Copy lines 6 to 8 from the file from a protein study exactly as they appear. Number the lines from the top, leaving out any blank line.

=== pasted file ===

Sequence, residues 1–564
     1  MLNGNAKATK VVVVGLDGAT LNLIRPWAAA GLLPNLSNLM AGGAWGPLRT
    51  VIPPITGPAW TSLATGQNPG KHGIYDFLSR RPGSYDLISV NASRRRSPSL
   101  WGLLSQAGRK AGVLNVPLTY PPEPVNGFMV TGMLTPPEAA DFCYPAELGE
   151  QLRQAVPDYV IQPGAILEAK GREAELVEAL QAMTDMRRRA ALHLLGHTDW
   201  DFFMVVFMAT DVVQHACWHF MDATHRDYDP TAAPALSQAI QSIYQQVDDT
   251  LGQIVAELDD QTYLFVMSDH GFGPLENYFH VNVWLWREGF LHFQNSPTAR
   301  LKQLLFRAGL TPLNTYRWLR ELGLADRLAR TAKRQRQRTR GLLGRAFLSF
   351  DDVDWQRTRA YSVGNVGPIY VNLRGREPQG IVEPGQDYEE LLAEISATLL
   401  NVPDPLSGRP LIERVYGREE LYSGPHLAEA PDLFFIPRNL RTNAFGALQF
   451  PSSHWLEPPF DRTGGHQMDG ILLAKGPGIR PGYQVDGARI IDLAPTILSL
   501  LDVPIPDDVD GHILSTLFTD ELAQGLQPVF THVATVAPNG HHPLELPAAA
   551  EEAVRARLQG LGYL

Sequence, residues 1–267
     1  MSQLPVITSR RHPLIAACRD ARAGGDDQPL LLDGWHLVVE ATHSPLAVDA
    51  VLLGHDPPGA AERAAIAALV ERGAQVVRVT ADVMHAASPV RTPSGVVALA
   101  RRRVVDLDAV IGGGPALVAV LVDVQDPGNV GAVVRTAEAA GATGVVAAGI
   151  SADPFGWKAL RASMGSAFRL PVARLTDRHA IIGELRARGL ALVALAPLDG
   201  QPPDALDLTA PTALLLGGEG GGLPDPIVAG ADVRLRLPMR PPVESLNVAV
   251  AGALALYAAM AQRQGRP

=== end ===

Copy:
   201  DFFMVVFMAT DVVQHACWHF MDATHRDYDP TAAPALSQAI QSIYQQVDDT
   251  LGQIVAELDD QTYLFVMSDH GFGPLENYFH VNVWLWREGF LHFQNSPTAR
   301  LKQLLFRAGL TPLNTYRWLR ELGLADRLAR TAKRQRQRTR GLLGRAFLSF